Marc Thiessen of the Washington Post Writers Group wrote a mouthful in his column published on Oct. 19, "Warren a threat to the economy." He said that Manhattan Institute budget expert Brian Riedl had calculated the cost of Sen. Elizabeth Warren's proposed programs to be $38 trillion to $48 trillion over a 10-year period.
That's almost $4 trillion to $5 trillion per year. Our current federal budget is approximately $5 trillion per year, and $1 trillion of that is deficit spending. So her proposals will double the federal budget and lead to either a $6 trillion per year deficit or tax increases of 125%. But Warren will not talk about tax increases. This is the person who is leading the pack of Democratic presidential candidates.
Warren's "Medicare for all" program alone will cost $3 trillion to $4 trillion per year. How are we going to pay for this?
The combined cost of Warren's additional proposals over the same 10-year period is $8 trillion. Where will the money come from? In my Oct. 22 letter, I stated that my Medicare Part B premium is $110 per month. On Oct. 21, I received a letter from the Social Security Administration informing me that my new Part B premium in $135 per month. That's a 23% increase.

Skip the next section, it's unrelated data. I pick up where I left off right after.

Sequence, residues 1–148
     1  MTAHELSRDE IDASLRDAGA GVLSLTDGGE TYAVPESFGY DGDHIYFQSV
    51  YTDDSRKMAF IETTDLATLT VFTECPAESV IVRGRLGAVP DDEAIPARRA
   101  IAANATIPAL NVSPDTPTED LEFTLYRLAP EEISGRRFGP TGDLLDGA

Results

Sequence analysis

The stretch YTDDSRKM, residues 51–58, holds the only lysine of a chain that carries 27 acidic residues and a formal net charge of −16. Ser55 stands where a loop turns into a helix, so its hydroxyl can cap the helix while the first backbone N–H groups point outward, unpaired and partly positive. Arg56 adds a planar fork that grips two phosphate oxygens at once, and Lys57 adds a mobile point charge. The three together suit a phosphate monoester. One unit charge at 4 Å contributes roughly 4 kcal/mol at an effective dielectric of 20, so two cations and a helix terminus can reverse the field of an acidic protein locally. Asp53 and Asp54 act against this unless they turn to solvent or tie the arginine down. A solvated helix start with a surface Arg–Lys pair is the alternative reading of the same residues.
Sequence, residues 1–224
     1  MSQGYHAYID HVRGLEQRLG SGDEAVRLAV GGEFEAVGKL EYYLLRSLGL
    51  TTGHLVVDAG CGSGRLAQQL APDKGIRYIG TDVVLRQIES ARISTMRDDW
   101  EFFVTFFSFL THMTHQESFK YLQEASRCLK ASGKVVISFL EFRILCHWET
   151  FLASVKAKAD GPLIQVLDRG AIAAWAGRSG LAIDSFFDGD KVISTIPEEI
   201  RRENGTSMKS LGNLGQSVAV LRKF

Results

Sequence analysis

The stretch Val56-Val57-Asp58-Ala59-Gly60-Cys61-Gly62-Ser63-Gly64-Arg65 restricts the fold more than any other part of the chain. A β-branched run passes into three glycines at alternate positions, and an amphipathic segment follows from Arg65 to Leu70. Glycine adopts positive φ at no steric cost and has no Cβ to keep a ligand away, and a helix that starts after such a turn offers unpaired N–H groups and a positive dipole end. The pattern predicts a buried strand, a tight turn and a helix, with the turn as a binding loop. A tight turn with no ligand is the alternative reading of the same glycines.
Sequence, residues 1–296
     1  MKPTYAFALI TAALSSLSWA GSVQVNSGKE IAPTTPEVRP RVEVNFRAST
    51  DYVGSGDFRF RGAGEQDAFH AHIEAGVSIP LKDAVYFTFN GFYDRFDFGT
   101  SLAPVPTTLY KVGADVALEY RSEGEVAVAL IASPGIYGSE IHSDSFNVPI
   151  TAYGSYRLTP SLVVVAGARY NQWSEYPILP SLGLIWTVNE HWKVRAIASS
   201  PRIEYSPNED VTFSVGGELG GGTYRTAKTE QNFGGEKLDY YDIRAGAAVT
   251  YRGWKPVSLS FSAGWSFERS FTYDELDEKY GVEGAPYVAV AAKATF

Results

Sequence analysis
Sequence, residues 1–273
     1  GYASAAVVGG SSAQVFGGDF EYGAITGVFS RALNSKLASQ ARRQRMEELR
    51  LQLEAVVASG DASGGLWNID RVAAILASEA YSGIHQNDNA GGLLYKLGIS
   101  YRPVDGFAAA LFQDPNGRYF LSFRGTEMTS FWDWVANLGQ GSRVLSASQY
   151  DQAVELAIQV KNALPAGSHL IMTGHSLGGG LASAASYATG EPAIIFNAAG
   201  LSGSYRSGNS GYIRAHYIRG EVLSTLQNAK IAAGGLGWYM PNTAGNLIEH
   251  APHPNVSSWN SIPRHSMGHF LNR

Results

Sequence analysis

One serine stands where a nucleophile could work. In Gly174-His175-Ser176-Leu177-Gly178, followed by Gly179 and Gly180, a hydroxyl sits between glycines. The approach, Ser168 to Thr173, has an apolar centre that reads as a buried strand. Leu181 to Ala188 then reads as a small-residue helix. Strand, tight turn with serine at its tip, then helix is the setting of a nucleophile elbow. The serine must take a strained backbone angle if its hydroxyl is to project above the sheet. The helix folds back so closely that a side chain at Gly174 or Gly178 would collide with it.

Sen. Bernie Sanders has proposed a $16 trillion environmental and infrastructure upgrade program. His idea of financing his program with 20 million new jobs is not even mathematically possible. Figuring this is simple arithmetic.
There is merit to all of the proposed programs. The trouble is that we have already dug such a deep hole that it might not even be possible any more to extricate ourselves. $20 trillion is a lot of money. Under these new programs, the budget will eat 70% of our gross domestic product. Come on, man! What are the American people supposed to live on?
A few weeks ago, one writer, I believe with The Heritage Foundation, proposed that the government refinance our debt now that interest rates are low. This would reduce the interest payments so that they would not be as large a portion of the federal budget.
Two things are wrong with this proposal. Who is going to sell back bonds that are paying 7% in order to buy government instruments that are paying 2%? I have many thousands of dollars of EE bonds that I purchased nearly 30 years ago. I will not turn them in until I must when they have reached the 40-year limit.
The second thing is our government's spending philosophy. If I were dumb enough to trade in my government securities, the government would not use the additional revenue to pay on the national debt. The government would spend the money on new programs, and we would end up in the same fix we are currently in.
Wake up America. If we continue on our present course, there will be no recovery. We will become bankrupt, and all these programs will come to an abrupt end.
LAWRENCE D. WEBER